(Sometimes incorrectly known as “foremilk/hindmilk imbalance”)
Let's unravel a breastfeeding mystery today: the terms "foremilk" and "hindmilk." Don't worry, it's not as complex as it might sound!
When it comes to nursing, you might have come across these terms. But here's the deal: they're not talking about two different types of milk. It's all about how the fat content changes in your milk during a feeding session.
"Foremilk" is what your baby gets when they start feeding, and "hindmilk" is what follows in the later part of the feeding. Now, here's the twist – "foremilk" isn't always low in fat. The amount of fat actually depends on how much time has passed since your baby's previous feed.
Now, let's zoom in on how this fat story affects your baby's tummy. Fat influences how fast milk moves through your baby's digestive system. If your baby gets a good dose of milk with lower fat, it can rush through their tummy faster than their little belly can handle. This can lead to some belly discomfort and fermentation – something we'd like to prevent.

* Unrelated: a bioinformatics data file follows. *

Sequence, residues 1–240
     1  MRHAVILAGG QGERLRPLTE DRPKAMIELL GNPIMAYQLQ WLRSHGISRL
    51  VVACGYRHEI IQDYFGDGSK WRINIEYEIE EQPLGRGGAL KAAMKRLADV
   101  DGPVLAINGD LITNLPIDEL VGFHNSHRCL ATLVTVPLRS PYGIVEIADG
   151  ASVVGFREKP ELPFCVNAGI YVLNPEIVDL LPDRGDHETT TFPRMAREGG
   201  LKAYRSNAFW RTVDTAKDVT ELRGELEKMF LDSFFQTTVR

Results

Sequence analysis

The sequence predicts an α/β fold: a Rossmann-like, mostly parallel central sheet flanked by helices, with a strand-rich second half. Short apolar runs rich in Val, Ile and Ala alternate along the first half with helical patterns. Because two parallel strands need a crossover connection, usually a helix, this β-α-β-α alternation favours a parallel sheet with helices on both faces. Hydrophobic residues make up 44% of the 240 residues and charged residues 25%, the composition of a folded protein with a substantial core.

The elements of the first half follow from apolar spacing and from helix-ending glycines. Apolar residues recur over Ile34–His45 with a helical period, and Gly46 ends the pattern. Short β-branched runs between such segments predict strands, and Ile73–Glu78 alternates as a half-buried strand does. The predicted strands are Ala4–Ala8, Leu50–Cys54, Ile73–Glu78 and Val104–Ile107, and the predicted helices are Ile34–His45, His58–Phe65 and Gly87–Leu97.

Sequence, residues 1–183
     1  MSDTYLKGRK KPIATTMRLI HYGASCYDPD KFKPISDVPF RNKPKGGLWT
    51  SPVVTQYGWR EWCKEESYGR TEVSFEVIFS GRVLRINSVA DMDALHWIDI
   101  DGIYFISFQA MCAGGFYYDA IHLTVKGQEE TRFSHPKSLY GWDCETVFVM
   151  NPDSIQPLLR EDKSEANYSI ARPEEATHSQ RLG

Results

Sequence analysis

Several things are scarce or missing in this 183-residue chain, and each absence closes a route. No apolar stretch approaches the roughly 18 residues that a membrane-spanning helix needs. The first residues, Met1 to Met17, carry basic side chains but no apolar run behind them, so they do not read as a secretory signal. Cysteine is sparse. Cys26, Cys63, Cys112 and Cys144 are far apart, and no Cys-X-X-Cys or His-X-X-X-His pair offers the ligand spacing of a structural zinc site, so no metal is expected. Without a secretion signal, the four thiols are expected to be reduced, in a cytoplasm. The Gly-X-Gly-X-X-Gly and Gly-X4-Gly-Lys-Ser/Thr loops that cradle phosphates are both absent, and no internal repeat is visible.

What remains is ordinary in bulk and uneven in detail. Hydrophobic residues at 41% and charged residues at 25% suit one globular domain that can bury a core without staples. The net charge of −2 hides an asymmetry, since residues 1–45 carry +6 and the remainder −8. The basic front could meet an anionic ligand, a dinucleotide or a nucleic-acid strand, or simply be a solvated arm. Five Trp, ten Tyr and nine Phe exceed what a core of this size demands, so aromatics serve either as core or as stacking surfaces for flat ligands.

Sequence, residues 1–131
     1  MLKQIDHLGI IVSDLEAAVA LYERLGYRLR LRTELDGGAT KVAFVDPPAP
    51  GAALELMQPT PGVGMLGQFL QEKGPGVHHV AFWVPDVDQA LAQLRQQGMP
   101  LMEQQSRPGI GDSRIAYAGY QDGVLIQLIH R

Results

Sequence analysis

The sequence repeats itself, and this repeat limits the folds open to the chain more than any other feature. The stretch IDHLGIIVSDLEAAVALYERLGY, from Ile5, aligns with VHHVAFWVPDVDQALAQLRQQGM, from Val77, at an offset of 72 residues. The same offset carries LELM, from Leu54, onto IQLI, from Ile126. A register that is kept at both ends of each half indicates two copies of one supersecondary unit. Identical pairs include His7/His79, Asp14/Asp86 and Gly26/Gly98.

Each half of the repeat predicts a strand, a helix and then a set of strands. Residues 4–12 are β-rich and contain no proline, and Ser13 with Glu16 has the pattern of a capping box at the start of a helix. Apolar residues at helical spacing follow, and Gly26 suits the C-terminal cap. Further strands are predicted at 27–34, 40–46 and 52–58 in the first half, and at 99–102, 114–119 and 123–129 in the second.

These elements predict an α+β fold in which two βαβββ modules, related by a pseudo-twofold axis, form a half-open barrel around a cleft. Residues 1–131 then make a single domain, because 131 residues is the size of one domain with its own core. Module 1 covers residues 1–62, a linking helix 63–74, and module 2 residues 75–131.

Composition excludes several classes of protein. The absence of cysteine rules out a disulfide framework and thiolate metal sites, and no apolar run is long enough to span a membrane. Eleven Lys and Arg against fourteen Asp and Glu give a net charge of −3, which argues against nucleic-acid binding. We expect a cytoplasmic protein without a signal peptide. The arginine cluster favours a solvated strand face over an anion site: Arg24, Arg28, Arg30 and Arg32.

In a nutshell, "foremilk" and "hindmilk" are simply terms used to describe how the fat content changes in your breast milk during a feeding. No need to think of them as two separate milks! And remember, the fat content decides the speed of milk digestion in your baby's tummy, so finding the right balance is key.
Understanding these little insights can help you make informed choices for your baby's tummy comfort and overall well-being. How do I tell if a baby has lactose overload?
The symptoms are very specific: GREEN, FROTHY, EXPLOSIVE stools, FLATULENCE (gas) and significant PAIN (a lot of screaming, not just occasional complaining).
There are several other reasons why a baby might have a green stool, including insufficient total milk intake, illness, medication/supplements and allergy. A green stool ALONE (without flatulence/pain) is not indicative of lactose overload. In a thriving, comfortable baby, an occasional green stool can safely be ignored.
What is the remedy for lactose overload?
All that may be required is to deepen attachment and encourage the baby to feed for as long as they want on each breast.
Laid-back or side-lying positioning can help a baby to manage a fast milk flow.
More frequent feeds can help a baby take in manageable amounts and avoid build-up of large volumes of relatively “lower-fat milk”.
Use gentle breast compressions when suckling slows down to keep milk flowing and help baby finishing a feed on one side before moving to the next side